Over the past twenty years, data has become the new gold, providing valuable insights across IT infra, AI and automation, and support functions. At the same time, cybersecurity risks have increased in volume and evolved from simple trojans and malware to ransomware, commodity malware, and pre-ransomware behaviors as well.
Organizations are constantly faced with the risk of data theft, data leakage, compromised data , and ransomware. Ransom groups do not only prevent stakeholders from accessing their data by shutting down their systems, but impact their business continuity as well, which can take down the most resilient and secure companies too. In 2021, cyber-attacks brought one out of five European and American organizations down, bankrupting them with ransomware.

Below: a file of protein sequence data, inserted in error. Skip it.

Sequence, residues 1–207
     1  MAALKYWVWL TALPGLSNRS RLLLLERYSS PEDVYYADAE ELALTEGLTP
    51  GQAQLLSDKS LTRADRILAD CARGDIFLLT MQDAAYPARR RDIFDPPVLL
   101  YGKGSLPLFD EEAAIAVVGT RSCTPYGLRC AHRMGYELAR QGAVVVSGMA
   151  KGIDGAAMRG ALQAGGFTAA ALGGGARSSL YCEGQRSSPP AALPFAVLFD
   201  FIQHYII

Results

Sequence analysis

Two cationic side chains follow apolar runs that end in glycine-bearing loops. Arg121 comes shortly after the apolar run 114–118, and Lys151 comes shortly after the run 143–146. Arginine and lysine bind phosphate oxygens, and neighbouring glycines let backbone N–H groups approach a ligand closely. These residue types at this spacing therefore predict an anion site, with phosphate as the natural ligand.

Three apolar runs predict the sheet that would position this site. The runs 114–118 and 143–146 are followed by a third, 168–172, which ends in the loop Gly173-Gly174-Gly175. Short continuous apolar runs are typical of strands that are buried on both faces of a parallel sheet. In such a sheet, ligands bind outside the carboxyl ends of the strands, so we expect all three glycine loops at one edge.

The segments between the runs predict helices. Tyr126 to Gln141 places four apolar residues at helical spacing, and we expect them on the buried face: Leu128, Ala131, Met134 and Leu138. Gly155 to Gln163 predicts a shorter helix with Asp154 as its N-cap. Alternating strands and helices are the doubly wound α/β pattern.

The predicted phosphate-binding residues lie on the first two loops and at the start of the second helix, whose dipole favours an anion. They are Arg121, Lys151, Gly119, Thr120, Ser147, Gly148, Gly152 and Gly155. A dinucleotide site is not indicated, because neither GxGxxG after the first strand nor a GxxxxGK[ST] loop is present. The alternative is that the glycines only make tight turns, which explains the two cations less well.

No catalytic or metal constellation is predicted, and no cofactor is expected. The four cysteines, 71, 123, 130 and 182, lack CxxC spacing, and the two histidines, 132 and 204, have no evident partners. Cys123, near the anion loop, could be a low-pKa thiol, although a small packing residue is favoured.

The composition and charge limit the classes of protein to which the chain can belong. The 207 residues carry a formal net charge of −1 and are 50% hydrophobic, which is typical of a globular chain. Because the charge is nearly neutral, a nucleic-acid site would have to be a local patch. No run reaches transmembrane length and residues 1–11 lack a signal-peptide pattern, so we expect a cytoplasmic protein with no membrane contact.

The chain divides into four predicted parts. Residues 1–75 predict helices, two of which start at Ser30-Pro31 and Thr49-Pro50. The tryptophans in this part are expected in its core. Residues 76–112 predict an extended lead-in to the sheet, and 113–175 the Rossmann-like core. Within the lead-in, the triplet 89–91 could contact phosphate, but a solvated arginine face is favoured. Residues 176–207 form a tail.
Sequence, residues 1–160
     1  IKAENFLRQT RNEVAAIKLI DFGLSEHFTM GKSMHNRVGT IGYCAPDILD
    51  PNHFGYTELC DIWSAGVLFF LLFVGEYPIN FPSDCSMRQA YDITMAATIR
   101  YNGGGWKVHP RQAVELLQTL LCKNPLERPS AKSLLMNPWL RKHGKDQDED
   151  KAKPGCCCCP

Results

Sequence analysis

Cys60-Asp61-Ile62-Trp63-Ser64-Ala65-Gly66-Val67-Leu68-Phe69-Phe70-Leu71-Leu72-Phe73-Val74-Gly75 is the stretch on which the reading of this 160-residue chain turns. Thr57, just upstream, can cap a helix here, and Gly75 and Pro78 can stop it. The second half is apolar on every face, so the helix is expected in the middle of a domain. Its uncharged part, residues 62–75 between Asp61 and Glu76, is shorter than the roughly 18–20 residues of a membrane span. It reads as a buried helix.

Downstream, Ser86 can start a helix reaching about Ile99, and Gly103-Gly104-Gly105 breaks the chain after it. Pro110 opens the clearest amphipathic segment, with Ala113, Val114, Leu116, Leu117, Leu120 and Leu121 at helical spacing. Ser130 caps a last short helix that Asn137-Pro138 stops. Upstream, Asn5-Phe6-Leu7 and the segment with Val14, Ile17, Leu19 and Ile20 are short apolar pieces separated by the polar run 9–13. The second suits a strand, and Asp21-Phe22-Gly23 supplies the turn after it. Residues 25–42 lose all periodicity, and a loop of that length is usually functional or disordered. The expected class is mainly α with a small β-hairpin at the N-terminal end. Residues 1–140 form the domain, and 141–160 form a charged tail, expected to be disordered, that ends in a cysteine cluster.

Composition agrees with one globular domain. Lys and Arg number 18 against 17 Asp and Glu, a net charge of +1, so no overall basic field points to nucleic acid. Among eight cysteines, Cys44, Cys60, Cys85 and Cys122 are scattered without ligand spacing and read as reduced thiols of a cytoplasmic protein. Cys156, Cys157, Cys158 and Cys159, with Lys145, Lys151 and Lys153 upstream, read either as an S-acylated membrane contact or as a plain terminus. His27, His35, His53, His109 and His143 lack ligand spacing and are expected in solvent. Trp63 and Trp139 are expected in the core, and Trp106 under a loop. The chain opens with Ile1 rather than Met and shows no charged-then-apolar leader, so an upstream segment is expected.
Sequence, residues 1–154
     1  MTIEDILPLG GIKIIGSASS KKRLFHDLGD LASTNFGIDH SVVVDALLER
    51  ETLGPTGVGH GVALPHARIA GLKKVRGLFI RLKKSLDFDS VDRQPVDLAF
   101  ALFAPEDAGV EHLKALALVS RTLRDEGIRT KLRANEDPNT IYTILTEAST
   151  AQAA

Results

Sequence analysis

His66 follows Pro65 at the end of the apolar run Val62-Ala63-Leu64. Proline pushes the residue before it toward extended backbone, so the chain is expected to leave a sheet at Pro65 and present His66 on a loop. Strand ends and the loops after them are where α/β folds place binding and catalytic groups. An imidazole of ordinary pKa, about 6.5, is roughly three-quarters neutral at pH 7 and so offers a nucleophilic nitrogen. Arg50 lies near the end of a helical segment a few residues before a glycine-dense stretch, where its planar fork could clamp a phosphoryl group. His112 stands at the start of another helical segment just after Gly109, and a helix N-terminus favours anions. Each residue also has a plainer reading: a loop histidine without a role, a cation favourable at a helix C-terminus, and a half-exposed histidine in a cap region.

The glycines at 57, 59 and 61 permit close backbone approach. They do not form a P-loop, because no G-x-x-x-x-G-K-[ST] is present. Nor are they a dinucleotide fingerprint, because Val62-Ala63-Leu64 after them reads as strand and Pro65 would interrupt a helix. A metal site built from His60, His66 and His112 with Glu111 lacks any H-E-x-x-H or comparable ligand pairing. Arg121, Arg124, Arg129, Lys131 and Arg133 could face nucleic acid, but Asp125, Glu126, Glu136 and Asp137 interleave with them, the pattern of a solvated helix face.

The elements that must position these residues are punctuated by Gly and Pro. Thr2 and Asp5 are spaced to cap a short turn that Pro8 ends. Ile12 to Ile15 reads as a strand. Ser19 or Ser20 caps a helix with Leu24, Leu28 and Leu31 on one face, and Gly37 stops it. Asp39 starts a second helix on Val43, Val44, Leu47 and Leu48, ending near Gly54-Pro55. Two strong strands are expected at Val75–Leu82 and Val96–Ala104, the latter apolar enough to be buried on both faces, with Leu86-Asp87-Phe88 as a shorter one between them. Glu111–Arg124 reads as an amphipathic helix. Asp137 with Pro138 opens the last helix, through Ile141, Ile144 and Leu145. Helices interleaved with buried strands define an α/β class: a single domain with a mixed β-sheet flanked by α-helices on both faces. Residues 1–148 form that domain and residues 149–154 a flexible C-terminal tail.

However, this comes with its own set of challenges.
Chinks in the insurance armor
Cyber insurers need to have a complete understanding of the business challenges, current and future risks, the organization’s IT infrastructure and its mapping, and its market specifications. Armed with this information, they can arrive at an appropriate insurance premium that does not seem overpriced for applicant organizations.
However, insurers are still unsure about how to quantify these premiums and decide on coverages, primarily because of the following reasons:
- Lack of history: Cyber insurance is a relatively new domain, and the lack of historical data does not allow to build a reliable statistical model. Modern cyber attacks are — attackers use tooling, automation and organized teams to perpetrate their attacks. Zero-day attacks occur within a few hours after a 0-day vulnerability is disclosed, allowing the attackers to reach a large number of potential victims in a short timeframe.